The cruelty of the hugging ban
Humans need warm, physical contact.
When my German, Jewish, refugee father was widowed at the age of 80, I realised my mother’s death meant he no longer had any regular, warm, physical touch. I felt a strong need to hug him as an expression of my love every time I visited him, until he also died 10 years later.
During the pandemic, this expression has been prevented by the government. It will eventually be allowed again. But on the recommendation of its scientific advisers, the government announced on 22 February that it will only return gradually over the next two months. For now, there are no hugs – but from 8 March, you will be able to hold granny’s hand when you visit her care home.
When we are allowed to hug again, will we actually want to? As government-run adverts have constantly told us, everyone may be an asymptomatic Covid spreader. At the moment, we are not merely forbidden to show physical love, but afraid to. How has this fear, brought about by law, changed our relationships with family, friends and strangers? What will be the impact of this new, learned behaviour in the future?
Of course, many people are completely ignoring the law on social distancing and are meeting friends and family anyway. That they are doing this demonstrates the essential need for human bonds. Ironically, the law is making us into law-breakers. Even Neil Ferguson, whose modelling was instrumental in bringing about the first lockdown laws, broke those laws himself because of his need for physical embrace.
This government, guided by its epidemiologists, microbiologists, virologists and social, behavioural and medical scientists, has failed to understand the most important aspect of human life – relationships. The government should have included theologians and philosophers among its advisers. It might then have had its eyes opened to the importance of human contact. Victor Frankl, the Jewish concentration-camp survivor, articulated this in his book, Man’s Search for Meaning. He believed that the mutuality of humanity defines its very essence.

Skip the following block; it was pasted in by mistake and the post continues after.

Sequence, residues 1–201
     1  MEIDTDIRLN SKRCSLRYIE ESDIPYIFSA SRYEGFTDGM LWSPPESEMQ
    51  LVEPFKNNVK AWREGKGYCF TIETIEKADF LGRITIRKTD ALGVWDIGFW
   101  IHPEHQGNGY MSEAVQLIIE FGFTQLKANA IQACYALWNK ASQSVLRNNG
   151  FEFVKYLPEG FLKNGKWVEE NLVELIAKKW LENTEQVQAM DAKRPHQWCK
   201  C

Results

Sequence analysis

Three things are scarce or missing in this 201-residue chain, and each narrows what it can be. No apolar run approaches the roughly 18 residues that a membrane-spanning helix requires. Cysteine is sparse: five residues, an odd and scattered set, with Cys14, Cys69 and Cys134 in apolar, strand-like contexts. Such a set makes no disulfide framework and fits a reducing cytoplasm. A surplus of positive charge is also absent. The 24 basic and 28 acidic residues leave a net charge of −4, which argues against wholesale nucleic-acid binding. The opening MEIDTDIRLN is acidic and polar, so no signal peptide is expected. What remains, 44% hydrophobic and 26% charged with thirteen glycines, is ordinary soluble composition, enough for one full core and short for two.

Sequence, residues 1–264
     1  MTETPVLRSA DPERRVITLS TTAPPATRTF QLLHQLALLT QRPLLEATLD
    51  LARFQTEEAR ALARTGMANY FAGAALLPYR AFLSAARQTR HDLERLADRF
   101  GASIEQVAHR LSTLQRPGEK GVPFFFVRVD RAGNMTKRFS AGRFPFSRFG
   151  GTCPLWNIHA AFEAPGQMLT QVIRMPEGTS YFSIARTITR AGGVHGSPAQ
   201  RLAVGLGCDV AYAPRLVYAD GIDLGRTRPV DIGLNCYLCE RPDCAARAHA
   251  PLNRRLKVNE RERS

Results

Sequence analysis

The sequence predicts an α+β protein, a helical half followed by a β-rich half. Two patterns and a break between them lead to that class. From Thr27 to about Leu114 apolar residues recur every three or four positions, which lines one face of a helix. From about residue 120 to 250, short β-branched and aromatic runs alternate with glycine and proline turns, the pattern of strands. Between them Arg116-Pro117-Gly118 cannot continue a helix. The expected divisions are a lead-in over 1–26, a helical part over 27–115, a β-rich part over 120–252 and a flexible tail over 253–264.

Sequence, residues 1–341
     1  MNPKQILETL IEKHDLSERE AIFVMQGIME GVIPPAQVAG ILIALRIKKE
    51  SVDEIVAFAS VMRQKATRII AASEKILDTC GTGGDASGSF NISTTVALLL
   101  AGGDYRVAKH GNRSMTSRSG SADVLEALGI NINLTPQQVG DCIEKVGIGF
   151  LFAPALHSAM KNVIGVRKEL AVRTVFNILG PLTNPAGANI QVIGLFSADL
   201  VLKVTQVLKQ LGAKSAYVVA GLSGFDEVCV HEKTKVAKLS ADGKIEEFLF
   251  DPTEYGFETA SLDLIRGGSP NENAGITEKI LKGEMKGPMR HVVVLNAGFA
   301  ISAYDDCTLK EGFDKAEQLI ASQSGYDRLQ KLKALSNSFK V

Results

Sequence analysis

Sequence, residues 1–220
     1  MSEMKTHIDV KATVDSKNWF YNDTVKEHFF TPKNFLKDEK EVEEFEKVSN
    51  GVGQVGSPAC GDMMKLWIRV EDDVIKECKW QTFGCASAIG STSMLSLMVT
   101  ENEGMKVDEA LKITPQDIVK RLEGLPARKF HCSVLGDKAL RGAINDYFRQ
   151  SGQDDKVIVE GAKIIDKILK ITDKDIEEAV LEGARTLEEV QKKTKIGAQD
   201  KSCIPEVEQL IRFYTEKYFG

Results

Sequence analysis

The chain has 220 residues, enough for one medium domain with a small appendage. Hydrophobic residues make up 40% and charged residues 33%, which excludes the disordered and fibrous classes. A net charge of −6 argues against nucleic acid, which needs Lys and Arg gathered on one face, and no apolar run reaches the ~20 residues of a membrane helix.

Human beings need loving relationships in order to flourish. Love is not merely an emotion, but a moral right. And crucially, it is the moral expression of love that forms the basis for the art and science of nursing and the modern hospice system, as I have argued elsewhere. Florence Nightingale was motivated by the ideal of loving care, and hospice pioneer Cicely Saunders was inspired by her religious faith, which underpinned her love for dying patients.
Unlike Nightingale and Saunders, this government, through its slowness in releasing its iron grip, is showing a complete lack of understanding of the nature of human beings. It is neglecting the human need to relate to others and to express that relationship through physical touch. Instead, it is treating us like lab rats, without the human need to love and be loved. As Janet Daley has highlighted, this amounts to a giant social experiment whose ultimate consequences are unknown.
For almost a year we have feared to touch, kiss or hug loved ones. We have worried about going too close to neighbours and strangers in the street. We have not shaken hands. We have covered our faces. But fear has also forced us to conform intellectually, too. We seem to have been conditioned not to ask when the borders will open and when we will be allowed to embrace our families again.
All this does a huge amount of damage, whose consequences will not be easily healed. As we have learned to keep our distance, how can we unlearn it?
If my father was still alive, I would be afraid to hug him now. What was once a heartfelt expression of love now needs to be thought out and risk-assessed. It is no longer unconditional, but is actually conditioned by the state.
Our humanity has been abolished.
Dr Ann Bradshaw is a retired senior lecturer in adult nursing at Oxford Brookes.
Picture by: Getty.
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